The Government of North Macedonia has adopted its National Energy and Climate Plan (NECP). It is the first Energy Community contracting party to produce the document.
The National Energy and Climate Plan covers the period from 2021 to 2030 and prescribes the path to achieve the goals set for 2030, the government said.
North Macedonia was the first Energy Community contracting party to submit its draft NECP to the organization’s secretariat. Only Albania also submitted its draft, while the remaining Western Balkan countries – BiH, Kosovo*, Montenegro, and Serbia – are lagging behind.
Secretariat Director Artur Lorkowski congratulated the government for setting a clear energy transition pathway by adopting the NECP. It reflects the country’s dedication to decarbonization and transformation of its economy and energy system to face the new challenges of the 21st century, he said.
The Energy Community Secretariat promises to help the country advance a socially acceptable energy transition
The secretariat will be a strong partner for North Macedonia to advance a socially acceptable energy transition, aligned with the ambitions of the European Green Deal, he added after the meeting with the Deputy Prime Minister for Economic Affairs of North Macedonia Fatmir Bytyqi.
The two officials agreed to step up cooperation to accelerate the just energy transition.
NECP covers the five most important dimensions of the European Energy Union: decarbonization (with two segments: greenhouse gas emissions and renewable energy sources), energy efficiency, security in energy supply, the regulation of the internal energy market, and research, innovation and competitiveness in the sectors of energy and climate change.
The country has set targets for all five dimensions.
Decarbonization – coal power plants to be closed by 2027
Regarding decarbonization, the country intends to decrease the GHG emissions by 82% compared to 1992. In order to achieve it it plans to promote the transition of the energy sector to low carbon technologies.
Key goals include a plan for gradual closure of North Macedonia’s only coal-fired power plants TPP Oslomej and TPP Bitola by 2027, and the acceleration of the use of renewable sources for electricity production in combination with energy efficiency measures in all sectors, the NECP reads.
A CO2 tax will be introduced
The introduction of a CO2 tax will accelerate the phasing out of conventional fuels, while stimulating renewables’ investment and the implementation of energy efficiency measures.
The country will continue to support renewables with feed-in tariffs and auctions, according to the plan.
The target for the share of renewables in final energy consumption is 38% with the following goals: 66% share in gross electricity production, 45% in heating and cooling gross consumption, and 10% in final energy consumption in transport.
Energy efficiency – North Macedonia aims to cut consumption by 20.8 to 34.5%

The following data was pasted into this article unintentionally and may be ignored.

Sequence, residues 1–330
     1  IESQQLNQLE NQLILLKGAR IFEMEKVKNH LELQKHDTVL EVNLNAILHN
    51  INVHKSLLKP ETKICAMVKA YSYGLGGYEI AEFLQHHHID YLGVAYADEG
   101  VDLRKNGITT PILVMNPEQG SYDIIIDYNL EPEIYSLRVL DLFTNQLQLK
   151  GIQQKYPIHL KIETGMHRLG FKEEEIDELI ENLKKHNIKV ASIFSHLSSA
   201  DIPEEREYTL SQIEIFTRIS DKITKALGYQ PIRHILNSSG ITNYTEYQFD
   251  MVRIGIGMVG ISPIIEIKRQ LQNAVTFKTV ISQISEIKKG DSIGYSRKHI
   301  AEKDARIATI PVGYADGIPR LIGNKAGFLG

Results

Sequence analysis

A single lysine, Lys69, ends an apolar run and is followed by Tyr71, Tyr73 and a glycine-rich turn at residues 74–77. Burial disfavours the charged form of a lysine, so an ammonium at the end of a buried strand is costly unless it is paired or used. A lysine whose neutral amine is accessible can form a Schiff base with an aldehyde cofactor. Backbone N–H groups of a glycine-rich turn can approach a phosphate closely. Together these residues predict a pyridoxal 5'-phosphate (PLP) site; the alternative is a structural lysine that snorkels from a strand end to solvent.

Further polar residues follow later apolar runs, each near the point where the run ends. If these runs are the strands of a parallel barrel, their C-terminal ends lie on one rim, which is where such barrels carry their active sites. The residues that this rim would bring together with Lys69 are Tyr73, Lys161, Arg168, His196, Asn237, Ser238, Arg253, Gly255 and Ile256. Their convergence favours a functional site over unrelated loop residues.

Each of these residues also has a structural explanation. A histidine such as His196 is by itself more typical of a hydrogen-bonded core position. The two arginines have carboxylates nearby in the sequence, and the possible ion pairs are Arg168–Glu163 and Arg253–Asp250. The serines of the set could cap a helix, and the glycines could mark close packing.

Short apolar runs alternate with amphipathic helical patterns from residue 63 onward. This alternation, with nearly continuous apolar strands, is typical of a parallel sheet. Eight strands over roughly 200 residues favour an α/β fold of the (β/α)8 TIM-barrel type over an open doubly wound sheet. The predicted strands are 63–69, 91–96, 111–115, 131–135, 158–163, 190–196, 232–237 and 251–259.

The projection shows that by 2040 the consumption of primary and final energy should increase by 38% and 55%, respectively, from the 2017 levels, as a result of continuous economic growth.
Given that the country has limited potential for lignite and biomass as the dominant domestic resources currently in use, the aim is to pay special attention to energy efficiency, the plan reads.
NECP envisages a number of policies and measures in order to reduce energy consumption in buildings (households, commercial and public buildings), the industry and transport sectors and to reduce losses in the transmission and distribution grids.
The document plans savings of 20.8% for the consumption of final energy and 34.5% for primary energy compared to the business-as-usual scenario.
Energy security – keeping the current level of imports
The country intends to lower its energy dependence from 60% to 59% by 2030.
The plan is to become less dependent on energy imports with greater use of renewable sources and energy efficiency, but also to diversify supply sources through the use of natural gas, mainly in the industrial sector.
The foreseen measures include increasing the number of prosumers, the creation of a system of guarantees of origin, construction of hydropower plants (including pumped storage units), and gas power plants (including combined heat and power technology).
Internal energy market – new interconnectors with Greece, Kosovo*, Serbia
North Macedonia plans to establish a day-ahead market to merge it with Bulgaria’s IBEX and to participate in initiatives for establishing a regional market.
The country intends to diversify supply routes with the planned natural gas interconnection with Greece, and interconnections with Kosovo* and Serbia. It will also encourage the installation of solar thermal collectors for hot water, especially for vulnerable consumers.
The level of demand response will be increased together with the introduction of real-time electricity price signals to encourage consumers to participate in balancing and boost the storage capacity. The NECP envisages the preparation of an annual program for vulnerable consumers to ensure their protection from price shocks.